Production of antibodies against KGF and KGF-related peptides. Monoclonal antibodies were raised in mice against intact, purified protein from human fibroblasts using 5 or more subcutaneous injections. Test bleeds were screened with a solid-phase (ELISA) assay using highly purified KGF from human epithelial cells as antigen. Hybridomas were prepared by routine methods and supernatants were screened with the ELISA assay to detect KGF-reactive antibodies. Positive clones were serially subcloned by the usual methods, and selected subclones were grown as ascites tumors in mice for production of large amounts of antibodies. Antibodies were purified from ascites fluids employing standard techniques (e.g., hydroxyapatite or immunoaffinity resins).
Polyclonal antibodies against a synthetic peptide were raised in rabbits by standard methods, as follows. The peptides were made by solid phase technology and coupled to thyroglobulin by reaction with glutaraldehyde. Serial subcutaneous injections were made and test bleeds were screened by ELISA as well as other techniques, including Western blot analysis and mitogenesis bioassay. IgG immunoglobulins were isolated by affinity chromatography using immobilized protein G.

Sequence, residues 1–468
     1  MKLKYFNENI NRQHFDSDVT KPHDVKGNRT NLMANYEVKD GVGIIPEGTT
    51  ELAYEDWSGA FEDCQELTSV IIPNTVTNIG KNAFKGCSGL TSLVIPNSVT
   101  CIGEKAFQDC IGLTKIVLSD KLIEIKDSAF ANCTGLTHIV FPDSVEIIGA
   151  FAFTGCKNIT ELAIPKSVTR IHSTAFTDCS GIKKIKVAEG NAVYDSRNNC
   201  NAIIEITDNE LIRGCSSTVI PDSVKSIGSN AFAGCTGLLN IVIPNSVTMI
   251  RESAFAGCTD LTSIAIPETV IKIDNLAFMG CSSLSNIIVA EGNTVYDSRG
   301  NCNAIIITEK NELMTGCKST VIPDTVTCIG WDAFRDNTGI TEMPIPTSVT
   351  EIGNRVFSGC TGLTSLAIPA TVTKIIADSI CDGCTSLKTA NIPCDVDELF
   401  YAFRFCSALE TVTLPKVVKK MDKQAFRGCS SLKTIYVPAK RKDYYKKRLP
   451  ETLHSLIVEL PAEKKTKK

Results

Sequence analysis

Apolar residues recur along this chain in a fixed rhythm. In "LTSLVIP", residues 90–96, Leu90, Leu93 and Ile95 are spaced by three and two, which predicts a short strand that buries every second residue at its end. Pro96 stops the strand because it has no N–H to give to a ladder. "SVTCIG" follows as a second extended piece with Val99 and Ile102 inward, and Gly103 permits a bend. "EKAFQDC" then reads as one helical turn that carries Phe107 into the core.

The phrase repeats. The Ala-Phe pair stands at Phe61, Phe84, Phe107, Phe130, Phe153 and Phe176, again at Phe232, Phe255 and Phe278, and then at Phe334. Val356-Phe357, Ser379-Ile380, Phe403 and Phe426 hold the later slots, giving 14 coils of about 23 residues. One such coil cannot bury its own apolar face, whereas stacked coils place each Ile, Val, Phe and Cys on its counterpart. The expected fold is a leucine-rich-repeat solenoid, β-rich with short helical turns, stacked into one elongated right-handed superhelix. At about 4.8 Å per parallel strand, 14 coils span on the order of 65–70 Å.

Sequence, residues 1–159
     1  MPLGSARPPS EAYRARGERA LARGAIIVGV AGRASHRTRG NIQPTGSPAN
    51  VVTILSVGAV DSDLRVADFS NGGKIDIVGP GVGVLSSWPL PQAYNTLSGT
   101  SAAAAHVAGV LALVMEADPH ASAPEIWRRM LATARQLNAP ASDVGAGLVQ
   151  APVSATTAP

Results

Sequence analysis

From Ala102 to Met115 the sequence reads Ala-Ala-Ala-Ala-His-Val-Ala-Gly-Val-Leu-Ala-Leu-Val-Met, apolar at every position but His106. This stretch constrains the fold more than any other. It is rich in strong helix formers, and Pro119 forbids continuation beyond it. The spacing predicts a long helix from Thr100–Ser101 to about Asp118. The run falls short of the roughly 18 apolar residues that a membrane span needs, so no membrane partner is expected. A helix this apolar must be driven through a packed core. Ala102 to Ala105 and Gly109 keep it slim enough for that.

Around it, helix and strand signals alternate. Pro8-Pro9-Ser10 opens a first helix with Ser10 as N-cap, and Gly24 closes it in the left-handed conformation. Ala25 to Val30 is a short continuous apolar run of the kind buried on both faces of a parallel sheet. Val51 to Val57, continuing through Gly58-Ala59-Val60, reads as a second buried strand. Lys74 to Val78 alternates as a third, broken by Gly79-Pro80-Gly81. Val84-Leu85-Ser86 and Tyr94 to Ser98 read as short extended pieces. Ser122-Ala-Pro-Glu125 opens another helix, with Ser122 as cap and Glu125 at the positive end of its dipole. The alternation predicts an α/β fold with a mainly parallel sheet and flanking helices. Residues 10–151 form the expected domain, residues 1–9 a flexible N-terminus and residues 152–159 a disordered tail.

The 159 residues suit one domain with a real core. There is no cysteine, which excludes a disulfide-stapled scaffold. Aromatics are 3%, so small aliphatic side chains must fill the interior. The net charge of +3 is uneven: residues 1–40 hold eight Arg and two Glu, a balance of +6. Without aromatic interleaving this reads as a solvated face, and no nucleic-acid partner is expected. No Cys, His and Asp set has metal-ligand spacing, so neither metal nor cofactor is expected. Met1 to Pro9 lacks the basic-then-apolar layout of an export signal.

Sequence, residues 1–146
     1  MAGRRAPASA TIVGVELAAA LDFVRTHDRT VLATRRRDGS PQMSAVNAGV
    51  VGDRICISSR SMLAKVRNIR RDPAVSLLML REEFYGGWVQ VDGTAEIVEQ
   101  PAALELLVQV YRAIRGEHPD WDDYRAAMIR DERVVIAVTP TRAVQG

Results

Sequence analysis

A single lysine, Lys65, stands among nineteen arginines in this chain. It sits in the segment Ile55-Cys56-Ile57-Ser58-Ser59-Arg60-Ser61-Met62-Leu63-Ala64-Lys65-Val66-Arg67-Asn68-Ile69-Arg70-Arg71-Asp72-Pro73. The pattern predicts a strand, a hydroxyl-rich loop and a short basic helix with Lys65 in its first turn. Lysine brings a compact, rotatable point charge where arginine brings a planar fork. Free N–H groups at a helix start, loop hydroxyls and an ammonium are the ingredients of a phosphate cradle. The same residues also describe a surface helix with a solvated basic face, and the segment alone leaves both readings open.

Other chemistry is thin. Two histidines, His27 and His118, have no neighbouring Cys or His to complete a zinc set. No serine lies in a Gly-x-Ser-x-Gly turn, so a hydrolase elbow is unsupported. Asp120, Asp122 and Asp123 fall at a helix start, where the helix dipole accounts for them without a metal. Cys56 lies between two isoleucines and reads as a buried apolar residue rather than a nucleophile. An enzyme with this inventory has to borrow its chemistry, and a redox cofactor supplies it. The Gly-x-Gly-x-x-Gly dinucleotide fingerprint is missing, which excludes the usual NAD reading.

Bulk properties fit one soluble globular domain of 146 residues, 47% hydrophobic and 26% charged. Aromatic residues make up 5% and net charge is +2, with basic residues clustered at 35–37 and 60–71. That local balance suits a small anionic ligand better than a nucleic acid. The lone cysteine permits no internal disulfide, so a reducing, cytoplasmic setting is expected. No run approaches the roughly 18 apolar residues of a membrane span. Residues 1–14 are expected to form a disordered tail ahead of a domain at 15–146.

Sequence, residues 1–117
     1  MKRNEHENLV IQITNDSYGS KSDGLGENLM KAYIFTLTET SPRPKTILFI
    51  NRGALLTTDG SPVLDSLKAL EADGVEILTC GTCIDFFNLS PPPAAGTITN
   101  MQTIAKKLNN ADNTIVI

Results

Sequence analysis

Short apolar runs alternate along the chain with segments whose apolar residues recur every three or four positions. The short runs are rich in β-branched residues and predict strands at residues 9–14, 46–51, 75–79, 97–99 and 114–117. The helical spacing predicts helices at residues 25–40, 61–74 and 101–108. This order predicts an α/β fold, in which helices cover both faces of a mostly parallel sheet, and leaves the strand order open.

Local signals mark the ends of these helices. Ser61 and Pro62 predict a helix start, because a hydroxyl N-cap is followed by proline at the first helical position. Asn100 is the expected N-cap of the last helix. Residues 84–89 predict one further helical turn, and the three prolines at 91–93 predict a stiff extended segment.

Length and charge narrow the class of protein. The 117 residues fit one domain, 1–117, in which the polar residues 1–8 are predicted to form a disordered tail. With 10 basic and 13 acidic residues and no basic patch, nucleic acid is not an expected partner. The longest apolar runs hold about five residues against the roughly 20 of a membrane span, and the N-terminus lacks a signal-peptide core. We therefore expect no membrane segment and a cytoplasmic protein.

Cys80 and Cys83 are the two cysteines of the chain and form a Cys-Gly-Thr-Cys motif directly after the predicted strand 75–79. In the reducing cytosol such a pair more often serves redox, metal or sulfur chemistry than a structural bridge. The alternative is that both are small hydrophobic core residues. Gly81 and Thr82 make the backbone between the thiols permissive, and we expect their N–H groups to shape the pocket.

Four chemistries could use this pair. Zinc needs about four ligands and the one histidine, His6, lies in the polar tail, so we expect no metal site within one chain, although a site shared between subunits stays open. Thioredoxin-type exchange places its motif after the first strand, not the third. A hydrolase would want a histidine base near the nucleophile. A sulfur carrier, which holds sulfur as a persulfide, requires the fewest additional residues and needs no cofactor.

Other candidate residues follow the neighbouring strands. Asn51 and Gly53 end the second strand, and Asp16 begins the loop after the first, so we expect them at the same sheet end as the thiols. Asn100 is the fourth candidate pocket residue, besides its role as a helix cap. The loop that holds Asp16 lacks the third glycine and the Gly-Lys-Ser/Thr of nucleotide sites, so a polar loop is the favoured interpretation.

Polyclonal antibodies were raised in rabbits against both naturally secreted by KGF from human fibroblasts and recombinant KGF produced in E. coli (see next section), using the following protocol:
i) Initial injection and first boost were administered in the inguinal lymph nodes;
ii) subsequent boost were made intramuscularly. Screening of test bleeds included ELISA as well as Western blot analysis and mitogenesis bioassay, and IgG was purified as for antibodies against synthetic peptides, above.